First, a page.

Key findings from the 2023 Progress Report include:

  • Although people with disabilities have higher costs of living due to disability-specific expenses and needs, people with disabilities consistently have poorer outcomes for employment, earnings, savings, and overall net wealth. This means that people with disabilities are far less likely to achieve financial security or self-sufficiency.
  • Asset and resource limits impose a “marriage penalty,” where a spouse’s income and assets count against eligibility thresholds, and regardless of medical costs, medical debt, and the extra cost of living with a disability.
  • Even with many states increasing their minimum wage to account for inflation, people with disabilities are often impacted by benefits cliffs – meaning that they earn higher income than permitted by income or asset limits but not enough to support themselves without access to means-tested benefits.
  • Equitable access to health care—including Medicaid insurance programs—improves financial health and increases an individual’s ability to work and achieve economic stability. Access to Medicaid, including Medicaid Buy-In (MBI) programs (available in 48 states), can be a valuable pathway to employment for people with disabilities who depend on Medicaid to cover medical care and support services necessary for people with disabilities to enter or remain in the workforce.

Key recommendations from the 2023 Progress Report include:

  • Congress should propose and pass legislation to eliminate or modify SSI income and asset rules, including allowing debts to counterbalance assets. Congress should also reduce the reporting burden for disability beneficiaries, and the Social Security Administration (SSA) should simplify the income and resource rules that contribute to overpayments, confusion, and mistrust and increase the administrative burden for workers and the SSA.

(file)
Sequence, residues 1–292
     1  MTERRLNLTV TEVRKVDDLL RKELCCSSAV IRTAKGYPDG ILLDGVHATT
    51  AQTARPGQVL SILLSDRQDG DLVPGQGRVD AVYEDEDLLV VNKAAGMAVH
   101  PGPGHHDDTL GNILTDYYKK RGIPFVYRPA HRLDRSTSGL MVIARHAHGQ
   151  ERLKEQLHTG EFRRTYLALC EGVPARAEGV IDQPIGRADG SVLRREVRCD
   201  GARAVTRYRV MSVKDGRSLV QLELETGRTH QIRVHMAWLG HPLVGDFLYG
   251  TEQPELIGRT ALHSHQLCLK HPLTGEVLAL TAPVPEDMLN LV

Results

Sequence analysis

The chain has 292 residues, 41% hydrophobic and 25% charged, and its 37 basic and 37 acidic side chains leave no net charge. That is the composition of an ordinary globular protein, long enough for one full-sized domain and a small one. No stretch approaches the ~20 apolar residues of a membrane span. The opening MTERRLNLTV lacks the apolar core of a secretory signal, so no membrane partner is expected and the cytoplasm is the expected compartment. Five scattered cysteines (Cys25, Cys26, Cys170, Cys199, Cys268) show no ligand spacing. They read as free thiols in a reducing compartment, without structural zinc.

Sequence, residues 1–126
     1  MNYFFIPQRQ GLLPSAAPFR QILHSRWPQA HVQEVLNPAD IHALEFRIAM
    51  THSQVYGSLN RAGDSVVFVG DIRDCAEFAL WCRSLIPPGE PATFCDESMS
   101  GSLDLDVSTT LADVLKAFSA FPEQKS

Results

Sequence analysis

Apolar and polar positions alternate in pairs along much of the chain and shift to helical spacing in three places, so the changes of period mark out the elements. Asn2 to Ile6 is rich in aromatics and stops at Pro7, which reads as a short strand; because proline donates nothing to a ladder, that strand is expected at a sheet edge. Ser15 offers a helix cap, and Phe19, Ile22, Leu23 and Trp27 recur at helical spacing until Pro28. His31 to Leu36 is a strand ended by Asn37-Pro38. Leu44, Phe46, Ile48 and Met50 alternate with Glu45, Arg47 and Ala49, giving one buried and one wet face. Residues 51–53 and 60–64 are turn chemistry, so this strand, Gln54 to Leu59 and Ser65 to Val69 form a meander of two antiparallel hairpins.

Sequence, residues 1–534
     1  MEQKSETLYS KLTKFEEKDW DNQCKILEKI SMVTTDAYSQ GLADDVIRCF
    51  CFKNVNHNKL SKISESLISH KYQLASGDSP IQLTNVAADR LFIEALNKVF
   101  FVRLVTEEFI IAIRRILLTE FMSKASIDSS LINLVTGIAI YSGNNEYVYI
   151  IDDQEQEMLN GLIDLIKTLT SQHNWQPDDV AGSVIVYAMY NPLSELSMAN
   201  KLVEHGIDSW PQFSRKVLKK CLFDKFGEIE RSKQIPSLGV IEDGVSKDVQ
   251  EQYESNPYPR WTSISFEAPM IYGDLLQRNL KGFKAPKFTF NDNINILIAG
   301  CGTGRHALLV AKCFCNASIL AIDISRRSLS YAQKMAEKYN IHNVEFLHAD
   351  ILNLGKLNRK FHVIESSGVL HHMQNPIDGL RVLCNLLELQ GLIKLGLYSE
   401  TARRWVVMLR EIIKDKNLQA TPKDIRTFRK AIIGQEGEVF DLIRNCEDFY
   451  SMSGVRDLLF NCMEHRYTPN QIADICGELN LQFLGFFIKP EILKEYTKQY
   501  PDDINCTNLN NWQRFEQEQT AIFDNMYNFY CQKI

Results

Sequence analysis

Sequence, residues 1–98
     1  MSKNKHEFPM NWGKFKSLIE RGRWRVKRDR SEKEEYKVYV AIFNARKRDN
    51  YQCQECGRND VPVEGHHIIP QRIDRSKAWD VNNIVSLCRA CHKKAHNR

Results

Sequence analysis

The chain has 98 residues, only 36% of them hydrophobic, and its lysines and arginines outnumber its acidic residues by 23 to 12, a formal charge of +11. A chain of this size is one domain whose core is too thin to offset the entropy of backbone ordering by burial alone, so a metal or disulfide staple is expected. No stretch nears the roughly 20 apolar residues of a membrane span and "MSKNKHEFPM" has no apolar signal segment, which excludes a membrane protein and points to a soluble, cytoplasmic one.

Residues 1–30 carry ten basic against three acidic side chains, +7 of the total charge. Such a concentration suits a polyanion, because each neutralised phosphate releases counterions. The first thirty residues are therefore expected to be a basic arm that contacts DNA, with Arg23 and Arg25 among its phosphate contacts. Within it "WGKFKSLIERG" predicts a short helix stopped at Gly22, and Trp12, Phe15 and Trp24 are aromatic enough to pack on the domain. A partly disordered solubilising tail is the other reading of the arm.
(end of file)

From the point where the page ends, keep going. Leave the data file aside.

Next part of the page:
• Congress should amend the ABLE Act to allow higher contributions and savings levels for immediate purchases, as well as long-term savings and retirement.
  • Congress should amend Section 1557 of the Affordable Care Act (ACA) to remove asset and resource limits, as well as age limits, for Medicaid and Medicaid Buy-In (MBI) programs.
  • Congress should direct Centers for Medicare and Medicaid Services (CMS) to increase funding levels for Medicaid home and community-based services (HCBS) and require automatic HCBS eligibility screening for all Medicaid beneficiaries that includes funding for assistive technology (AT) such as standing wheelchairs, home accessibility, and preauthorization for AT repairs that promote health and greater levels of independence.
  • DOL should provide guidance and monitoring to ensure that all WIOA-funded programs such as American Job Centers (AJCs) are accessible to and provide meaningful support for people with disabilities.
  • State legislators should enact laws promoting Employment First as a model for competitive integrated employment (CIE) and eliminate subminimum wage and the use of 1099 contractors instead of W2s for employees with disabilities who are not self-employed.

Read this and all of NCD’s reports at